Maureen O’Hara Sounds Matter-of-fact about Murder

I can’t seem to get through this romance. It is tempestuous, steeped in mystery, and features a fierce heroine who bears a vague resemblance to Jane Eyre. Daphne du Maurier’s Jamaica Inn, I mean, one of the novels I picked up to set the mood for my trip to Cornwall. That was in April—and I am still not done with Mary’s adventure among the smugglers. I do like Mary, though. She is not the fainting kind, despite the danger she’s in:

A girl of three-and-twenty, in a petticoat and a shawl, with no weapons but her own brain to oppose a fellow twice her age and eight times her strength, who, if he realised she had watched the scene tonight from her window, would encircle her neck with his a hand, and, pressing lightly with finger and thumb, put an end to her questioning.

Now, the woman who portrayed her Hitchcock’s film version of Jamaica Inn, Maureen O’Hara (pictured above, during the production of the 1938 film), was a few weeks from turning twenty-three when she played another character of that mettle. On this day, 6 July, in 1943, she was heard on the US radio series Suspense in a thriller titled “The White Rose Murders.” An adaptation of a story by Cornell Woolrich, it is the sort of yarn Suspense came to be famous for.

“You’ve been reading too many of those romantic stories,” Virginia tells her fiancé, a police officer with so little self-esteem that he thinks he needs a promotion to deserve a well-to-do debutante like the young woman who’s so devoted to him, she sets out to get what he thinks is in the way of their connubial bliss. This woman is serious about marriage. You might say that she’s dying to get hitched. To achieve just that, she sets out to catch the White Rose murderer, a serial killer who strangles young women, apparently incited or inspired by the “Beer Barrel Polka” (also known as “Rosamunde”). As a token of his perverse affection, he leaves behind the bud of a white rose, the symbol, Virginia explains, of “purity, loyality, devotion.”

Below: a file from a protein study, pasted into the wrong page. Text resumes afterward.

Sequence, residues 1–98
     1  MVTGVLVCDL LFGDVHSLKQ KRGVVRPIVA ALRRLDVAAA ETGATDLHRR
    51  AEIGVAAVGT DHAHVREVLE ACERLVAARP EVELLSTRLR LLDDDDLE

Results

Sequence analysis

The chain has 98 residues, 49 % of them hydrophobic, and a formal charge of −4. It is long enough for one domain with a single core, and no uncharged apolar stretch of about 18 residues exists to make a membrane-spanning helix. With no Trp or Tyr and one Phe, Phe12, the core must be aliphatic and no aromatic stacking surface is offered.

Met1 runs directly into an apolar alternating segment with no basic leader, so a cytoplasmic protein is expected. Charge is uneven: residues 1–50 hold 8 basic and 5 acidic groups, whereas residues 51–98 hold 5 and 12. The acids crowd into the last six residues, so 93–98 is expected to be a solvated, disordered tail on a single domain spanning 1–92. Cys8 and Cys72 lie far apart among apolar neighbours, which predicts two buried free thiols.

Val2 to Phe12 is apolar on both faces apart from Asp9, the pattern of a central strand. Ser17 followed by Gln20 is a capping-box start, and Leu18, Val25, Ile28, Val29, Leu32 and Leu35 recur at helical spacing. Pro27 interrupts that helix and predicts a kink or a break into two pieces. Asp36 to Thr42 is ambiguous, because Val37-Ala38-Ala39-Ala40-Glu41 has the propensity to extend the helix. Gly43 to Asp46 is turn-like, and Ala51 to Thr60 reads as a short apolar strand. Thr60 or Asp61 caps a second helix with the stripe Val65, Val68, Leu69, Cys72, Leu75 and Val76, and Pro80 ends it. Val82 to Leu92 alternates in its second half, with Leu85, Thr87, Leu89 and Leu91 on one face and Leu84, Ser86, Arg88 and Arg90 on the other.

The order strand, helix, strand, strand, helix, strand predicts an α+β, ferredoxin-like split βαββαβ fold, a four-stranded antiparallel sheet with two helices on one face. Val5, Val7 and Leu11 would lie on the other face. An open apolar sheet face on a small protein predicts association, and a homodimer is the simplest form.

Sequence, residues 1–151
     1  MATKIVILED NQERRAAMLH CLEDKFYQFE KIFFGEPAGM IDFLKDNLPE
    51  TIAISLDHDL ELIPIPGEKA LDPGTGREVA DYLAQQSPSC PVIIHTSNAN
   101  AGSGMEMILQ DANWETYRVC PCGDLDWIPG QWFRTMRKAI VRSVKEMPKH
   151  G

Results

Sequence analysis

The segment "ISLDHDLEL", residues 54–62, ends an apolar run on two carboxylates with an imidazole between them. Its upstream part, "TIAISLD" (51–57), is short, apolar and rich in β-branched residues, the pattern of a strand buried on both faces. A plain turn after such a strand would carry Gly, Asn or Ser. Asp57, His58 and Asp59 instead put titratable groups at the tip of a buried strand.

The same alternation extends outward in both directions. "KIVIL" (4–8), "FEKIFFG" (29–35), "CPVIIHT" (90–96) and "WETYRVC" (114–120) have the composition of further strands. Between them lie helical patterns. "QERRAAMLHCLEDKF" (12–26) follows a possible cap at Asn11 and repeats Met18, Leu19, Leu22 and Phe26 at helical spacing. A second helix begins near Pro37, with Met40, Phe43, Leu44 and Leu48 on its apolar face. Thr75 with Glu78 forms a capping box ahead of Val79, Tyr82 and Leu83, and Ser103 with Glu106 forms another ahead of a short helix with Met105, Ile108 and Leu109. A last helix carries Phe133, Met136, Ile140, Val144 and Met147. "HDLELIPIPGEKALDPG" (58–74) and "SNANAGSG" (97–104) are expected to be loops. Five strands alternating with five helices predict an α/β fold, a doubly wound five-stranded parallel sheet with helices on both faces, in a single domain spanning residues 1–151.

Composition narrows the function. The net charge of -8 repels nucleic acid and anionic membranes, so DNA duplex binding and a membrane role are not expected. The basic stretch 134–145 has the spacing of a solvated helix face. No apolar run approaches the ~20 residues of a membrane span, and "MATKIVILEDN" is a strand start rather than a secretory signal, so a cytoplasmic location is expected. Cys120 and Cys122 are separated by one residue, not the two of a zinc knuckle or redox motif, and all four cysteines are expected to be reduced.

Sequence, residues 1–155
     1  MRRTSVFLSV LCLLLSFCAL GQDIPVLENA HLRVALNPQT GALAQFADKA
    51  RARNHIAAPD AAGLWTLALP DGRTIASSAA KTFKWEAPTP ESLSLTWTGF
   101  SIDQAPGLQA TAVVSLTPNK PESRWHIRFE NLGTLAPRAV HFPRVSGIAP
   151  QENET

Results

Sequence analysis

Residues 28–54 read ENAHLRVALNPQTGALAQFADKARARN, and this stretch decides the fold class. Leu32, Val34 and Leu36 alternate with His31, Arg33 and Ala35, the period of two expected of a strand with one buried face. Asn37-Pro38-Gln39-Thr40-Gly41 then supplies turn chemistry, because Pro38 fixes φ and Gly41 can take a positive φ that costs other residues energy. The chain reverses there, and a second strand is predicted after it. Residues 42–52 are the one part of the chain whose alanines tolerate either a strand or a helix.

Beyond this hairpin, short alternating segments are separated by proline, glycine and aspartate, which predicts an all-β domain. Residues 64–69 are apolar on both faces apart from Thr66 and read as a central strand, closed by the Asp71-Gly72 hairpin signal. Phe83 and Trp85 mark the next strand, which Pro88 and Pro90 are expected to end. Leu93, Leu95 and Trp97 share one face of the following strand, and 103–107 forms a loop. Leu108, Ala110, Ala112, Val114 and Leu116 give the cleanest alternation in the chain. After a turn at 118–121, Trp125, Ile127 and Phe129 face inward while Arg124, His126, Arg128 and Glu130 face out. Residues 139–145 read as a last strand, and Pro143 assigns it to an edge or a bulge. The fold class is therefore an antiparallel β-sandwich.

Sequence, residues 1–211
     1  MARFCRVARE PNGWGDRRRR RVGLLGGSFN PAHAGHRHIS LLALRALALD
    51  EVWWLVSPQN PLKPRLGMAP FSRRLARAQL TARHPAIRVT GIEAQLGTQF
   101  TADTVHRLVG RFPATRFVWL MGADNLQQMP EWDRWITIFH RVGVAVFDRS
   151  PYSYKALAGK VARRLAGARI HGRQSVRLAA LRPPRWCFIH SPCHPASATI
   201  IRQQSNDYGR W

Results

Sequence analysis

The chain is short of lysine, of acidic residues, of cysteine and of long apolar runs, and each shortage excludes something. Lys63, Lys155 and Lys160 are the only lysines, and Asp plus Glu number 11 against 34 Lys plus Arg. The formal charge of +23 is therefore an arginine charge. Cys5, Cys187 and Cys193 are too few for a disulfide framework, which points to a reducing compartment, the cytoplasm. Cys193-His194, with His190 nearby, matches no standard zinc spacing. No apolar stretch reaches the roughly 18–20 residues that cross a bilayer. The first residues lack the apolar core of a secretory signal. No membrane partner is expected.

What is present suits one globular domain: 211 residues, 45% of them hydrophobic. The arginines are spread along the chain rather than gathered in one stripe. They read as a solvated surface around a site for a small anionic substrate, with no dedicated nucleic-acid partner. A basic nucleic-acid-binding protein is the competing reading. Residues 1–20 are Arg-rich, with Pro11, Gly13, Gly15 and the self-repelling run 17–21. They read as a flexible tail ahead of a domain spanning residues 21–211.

Virginia carefully dresses to resemble the victims and “tours the low dives,” searching in each “dingy bar” where “Rosamunde” plays, hoping to attract the man the police has been looking for in vain. As it turns out, the tune is practically everyone’s favorite, just as roses prove popular with the men she encounters. She has to smell a lot of red herrings before she meets the one who is eager to offer her that certain rose. It’s the one she least expected, of course, who is out to do her in.

Despite the names attached to this project—O’Hara, Woolrich, and composer Bernard Herrmann—”The White Rose Murders” is less lurid than it is ludicrous. The situation is suitably creepy—the kind of tale of entrapment and prolonged peril fully deserving of the label Suspense. Even the cheerful “Rosamunde” begins to sound ominous as, in the mind of the listener, it becomes associated with impending horror. Yet instead of relying on a suspenseful mood, the producers of the series insisted on adding an element of surprise—a last minute twist meant to startle the audience. It is a surprise, all right, but one that is psychologically so unconvincing as to reduce the play to mere melodramatic claptrap.